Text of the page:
in the design of a game for improving teenagers’ emotional intelli-
gence. When they asked participants to design actions in relation
to game rewards, the output consisted of unfocused ideas. This led
the authors to conclude that the task required too high a level of
abstraction for participants to meaningfully contribute [7].
The difficulties of involving users in serious game design be-
come more understandable when taking into consideration a typ-
ical serious game design process. In the Design, Play, Experience
model of serious game design, Winn characterises successful seri-
ous game design as a synthesis of pedagogical theory, domain con-
tent, and game design. As learning objectives are central to most
serious games, Winn proposes that designers begin by focusing on
domain content and pedagogical approaches, as these are most in-
flexible. Next, designers should consider settings, characters, and
narratives that make sense in light of the learning focus. Designers
can then move to establishing mechanics that make the domain
content playable. Finally, designers should consider user interface
aspects [1]. However, as the serious games community generally
agrees that serious games should be endogenous (where context
is intertwined with content) rather than exogenous (where con-
text and content are independent) [4], designers need to be able to
tightly couple domain content to game mechanics. That is, those
contributing to design need to be knowledgeable of both. As a re-
sult, two significant participation barriers for end users in serious
game design are domain content familiarity and game design lit-
eracy. A similar barrier emerges when examining the application
of PD in the context of educational technologies, which are con-
ceptually related to serious games. Concerning the design of learn-
ing environments, Scaife et al. propose that children be involved as
informants rather than co-designers, given that children frequently
lack knowledge of the domain area, thus limiting their abilities to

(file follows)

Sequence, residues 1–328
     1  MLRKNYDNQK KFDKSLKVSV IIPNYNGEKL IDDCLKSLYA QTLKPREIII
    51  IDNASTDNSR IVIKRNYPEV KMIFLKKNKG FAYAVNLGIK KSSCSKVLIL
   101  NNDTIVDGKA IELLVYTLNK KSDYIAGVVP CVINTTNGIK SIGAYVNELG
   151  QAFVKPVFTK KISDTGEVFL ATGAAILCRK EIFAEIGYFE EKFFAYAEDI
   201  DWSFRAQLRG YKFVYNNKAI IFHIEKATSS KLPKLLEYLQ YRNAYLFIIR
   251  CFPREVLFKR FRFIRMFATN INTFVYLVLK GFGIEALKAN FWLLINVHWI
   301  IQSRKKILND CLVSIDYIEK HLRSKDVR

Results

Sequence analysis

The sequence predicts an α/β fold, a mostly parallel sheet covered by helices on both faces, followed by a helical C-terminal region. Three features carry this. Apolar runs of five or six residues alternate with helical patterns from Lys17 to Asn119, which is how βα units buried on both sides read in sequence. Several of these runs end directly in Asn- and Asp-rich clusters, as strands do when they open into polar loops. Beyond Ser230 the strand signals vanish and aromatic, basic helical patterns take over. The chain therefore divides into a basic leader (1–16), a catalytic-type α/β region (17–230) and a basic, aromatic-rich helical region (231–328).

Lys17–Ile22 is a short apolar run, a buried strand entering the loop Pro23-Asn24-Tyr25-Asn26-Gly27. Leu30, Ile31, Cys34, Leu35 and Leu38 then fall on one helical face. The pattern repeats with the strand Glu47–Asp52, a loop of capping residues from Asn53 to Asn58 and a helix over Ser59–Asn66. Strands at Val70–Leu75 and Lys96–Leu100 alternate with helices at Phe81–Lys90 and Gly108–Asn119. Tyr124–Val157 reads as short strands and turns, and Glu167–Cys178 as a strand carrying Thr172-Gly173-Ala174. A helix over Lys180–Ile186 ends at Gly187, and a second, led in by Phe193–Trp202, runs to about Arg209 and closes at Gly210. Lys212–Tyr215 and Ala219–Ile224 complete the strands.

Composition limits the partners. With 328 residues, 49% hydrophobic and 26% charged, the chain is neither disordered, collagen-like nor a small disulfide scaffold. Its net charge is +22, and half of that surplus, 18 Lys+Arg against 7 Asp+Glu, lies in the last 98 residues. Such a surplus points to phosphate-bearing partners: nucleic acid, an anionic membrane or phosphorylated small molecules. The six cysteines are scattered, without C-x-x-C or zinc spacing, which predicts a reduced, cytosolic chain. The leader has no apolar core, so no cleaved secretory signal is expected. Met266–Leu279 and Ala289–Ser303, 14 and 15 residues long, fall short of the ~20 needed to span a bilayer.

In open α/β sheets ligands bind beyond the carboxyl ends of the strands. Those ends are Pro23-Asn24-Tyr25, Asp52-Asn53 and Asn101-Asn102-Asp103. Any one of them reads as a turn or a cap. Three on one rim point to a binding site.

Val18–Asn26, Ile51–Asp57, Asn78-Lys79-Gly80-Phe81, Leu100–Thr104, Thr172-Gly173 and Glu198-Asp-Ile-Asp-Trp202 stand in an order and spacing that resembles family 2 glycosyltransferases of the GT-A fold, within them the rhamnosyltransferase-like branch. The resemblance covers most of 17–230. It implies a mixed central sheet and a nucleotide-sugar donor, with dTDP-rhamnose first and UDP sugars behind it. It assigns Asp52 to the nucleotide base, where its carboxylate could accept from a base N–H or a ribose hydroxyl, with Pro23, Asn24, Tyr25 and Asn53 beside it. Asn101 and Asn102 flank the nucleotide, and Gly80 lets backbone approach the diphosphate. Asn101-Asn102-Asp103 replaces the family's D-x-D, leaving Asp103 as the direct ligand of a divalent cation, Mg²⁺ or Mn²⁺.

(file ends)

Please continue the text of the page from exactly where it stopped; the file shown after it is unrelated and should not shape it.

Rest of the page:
propose relevant ideas [14].
In summary, the serious game design process complicates the
notion of involving users as co-designers. Serious game designers
must be fluent with both domain content and game design. Users,
conversely, may lack one or both of these forms of knowledge. At
the same time, PD approaches to serious game design could pro-
vide significant value for users, for example, by strengthening their
domain knowledge as a result of actively contributing to the de-
sign process. We thus argue that it is imperative to continue build-
ing our understanding of how PD methods can apply to serious
games, such that the aspirations of PD can be achieved through
serious game design processes. The present paper fits with this
objective. We detail the use of PD across the design cycle of a
serious game intended to teach primary school children conflict
resolution skills. In a first case study, we examine the ability of ex-
isting methods, namely brainstorming and storyboarding, to sup-
port children’s ideation. Building from lessons learned during the
use of these methods, we then present a second case study that in-
troduces a novel method for involving participants in serious game
design. Before presenting the case studies, we provide the back-
ground and rationale of our project.
3. Village Voices: a serious game for teaching conflict resolu-
tion skills